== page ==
Thursday, May 17, 2007

To treat or not to treat: that is the question.

This is a point that confuses a lot of people so I need to spell it out clearly. It has become an accepted fact that the new treatments for CLL do not extend life. This is not what the trials show.

The first thing that they show is that delaying treatment until symptoms appear (or the other features indicated by the NCI guidelines) does not put a patient at risk compared to starting treatment at diagnosis. The caveat for this is that when the trial was done we had no way of distinguishing the patients who would never need treatment from those who would need it eventually and the best available treatment was chlorambucil. The trial that demands to be done now is to compare outcomes in patients with poor-risk prognostic markers looking at a treatment better able to produce complete remissions than chlorambucil compared with watch and wait. These trials are either under way or in late stages of planning, using FCR, FR or Campath as the more effective treatment.

The second thing that they show is that overall survival is not affected whether the first treatment is chlorambucil, fludarabine or FC. Certainly FC is more effective in terms of response rate, CR rate, molecular remission rate, and length of remission, but despite there having been three trials comparing F v FC and 7 trials comparing fludarabine and alkylating agents and 1 trial comparing chlorambucil and FC, none has shown any advantage for starting treatment with anything other than chlorambucil. This is because those who fail chlorambucil or relapse after chlorambucil can have a second bite of the cherry with fludarabine or FC.

Unfortunately, there are no randomized trials comparing FCR or FR with chlorambucil, though there is a trial comparing FC with FCR, but it is not yet mature enough to be analysed; we will have to wait until 2008 or 2009. It may be, as MDACC think, that everybody should be given FCR as first line, but honestly there are no data to justify this.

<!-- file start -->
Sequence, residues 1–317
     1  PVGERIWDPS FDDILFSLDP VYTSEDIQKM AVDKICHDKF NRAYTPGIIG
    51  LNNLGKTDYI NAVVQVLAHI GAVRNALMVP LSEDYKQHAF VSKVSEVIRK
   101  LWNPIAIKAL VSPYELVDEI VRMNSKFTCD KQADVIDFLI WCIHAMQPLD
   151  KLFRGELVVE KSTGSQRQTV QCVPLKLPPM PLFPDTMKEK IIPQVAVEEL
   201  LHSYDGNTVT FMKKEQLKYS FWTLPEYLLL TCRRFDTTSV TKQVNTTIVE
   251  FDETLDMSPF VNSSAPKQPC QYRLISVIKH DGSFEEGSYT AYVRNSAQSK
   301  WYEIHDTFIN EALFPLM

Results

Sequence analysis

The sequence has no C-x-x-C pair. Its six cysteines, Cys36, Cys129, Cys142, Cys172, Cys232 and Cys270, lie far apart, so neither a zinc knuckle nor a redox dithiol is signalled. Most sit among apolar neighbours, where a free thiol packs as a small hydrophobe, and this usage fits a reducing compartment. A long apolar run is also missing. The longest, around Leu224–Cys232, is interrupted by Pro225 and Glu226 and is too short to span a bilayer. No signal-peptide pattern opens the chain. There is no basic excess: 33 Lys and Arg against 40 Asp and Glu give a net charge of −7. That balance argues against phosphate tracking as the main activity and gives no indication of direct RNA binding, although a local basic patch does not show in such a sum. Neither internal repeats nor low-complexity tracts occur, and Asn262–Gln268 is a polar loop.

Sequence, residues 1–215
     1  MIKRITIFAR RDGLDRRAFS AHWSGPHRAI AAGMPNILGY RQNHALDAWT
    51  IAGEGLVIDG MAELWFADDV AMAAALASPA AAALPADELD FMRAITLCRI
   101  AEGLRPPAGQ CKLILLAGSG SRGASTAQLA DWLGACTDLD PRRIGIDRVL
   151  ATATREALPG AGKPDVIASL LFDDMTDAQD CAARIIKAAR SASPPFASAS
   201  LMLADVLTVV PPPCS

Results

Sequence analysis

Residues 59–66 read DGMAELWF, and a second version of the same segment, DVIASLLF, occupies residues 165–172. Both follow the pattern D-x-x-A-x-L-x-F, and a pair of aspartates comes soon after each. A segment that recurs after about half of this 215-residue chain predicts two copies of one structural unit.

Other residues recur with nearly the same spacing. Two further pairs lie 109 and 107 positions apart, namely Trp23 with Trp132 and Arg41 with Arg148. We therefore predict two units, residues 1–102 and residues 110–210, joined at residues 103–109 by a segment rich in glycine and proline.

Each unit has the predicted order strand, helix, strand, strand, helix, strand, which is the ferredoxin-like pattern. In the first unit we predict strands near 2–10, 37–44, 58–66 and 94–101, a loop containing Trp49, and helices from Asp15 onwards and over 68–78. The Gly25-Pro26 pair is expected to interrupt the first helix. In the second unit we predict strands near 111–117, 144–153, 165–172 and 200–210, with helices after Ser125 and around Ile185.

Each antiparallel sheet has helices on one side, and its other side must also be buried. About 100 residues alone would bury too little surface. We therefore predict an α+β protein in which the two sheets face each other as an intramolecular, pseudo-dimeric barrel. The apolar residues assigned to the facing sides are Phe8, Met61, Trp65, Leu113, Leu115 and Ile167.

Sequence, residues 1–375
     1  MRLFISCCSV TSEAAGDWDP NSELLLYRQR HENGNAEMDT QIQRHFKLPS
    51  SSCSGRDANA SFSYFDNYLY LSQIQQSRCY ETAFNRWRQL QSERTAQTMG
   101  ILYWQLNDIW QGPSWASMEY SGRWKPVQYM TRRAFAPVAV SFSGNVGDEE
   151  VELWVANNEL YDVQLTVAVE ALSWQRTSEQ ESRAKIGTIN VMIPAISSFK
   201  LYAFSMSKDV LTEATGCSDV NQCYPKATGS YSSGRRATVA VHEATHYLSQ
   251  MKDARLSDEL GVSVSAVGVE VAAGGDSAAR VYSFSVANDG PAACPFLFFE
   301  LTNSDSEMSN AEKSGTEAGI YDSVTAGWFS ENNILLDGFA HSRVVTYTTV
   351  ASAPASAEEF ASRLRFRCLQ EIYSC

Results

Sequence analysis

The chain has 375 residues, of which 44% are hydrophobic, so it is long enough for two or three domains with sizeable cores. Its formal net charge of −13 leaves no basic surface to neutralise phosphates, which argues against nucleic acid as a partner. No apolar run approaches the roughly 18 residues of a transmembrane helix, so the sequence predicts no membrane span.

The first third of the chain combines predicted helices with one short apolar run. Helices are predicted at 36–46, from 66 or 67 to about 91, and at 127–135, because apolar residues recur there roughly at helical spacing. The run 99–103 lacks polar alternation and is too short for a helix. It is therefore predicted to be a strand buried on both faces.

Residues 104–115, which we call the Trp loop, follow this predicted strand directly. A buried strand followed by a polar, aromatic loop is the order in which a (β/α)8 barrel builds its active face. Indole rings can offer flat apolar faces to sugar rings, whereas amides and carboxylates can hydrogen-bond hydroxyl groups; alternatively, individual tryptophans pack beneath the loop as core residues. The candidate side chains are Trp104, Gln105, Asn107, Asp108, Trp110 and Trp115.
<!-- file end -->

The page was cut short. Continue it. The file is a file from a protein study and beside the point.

What the trials do not show is that patients who are left untreated do as well as those who are treated. Quite the contrary. They show that patients who achieve a remission, especially a CR, live longer than those who do not. Of course getting drugs and not responding probably shortens your life, so this is not a fair comparison. But we do know that most patients who receive chemotherapy get a response. Patients who meet the NCI guidelines and are not treated mostly run into severe problems that are frequently fatal.

There are suggestions that patients with CLL are living longer than they used to, but this observation is unreliable because we are diagnosing CLL at an earlier stage than we used to.

There are suggestions that some treatments make the serious complications of CLL like transformation, immunodeficiency and MDS more likely. This may be true, but a properly designed clinical trial will show this, and the bottom line is, "Do the patients live longer?"

At the moment I am sure that, overall and when necessary, treatment is better than no treatment, but how and when the treatment is given is still a matter for individual decision. The NCI guidelines are just that: guidelines, not regulations.

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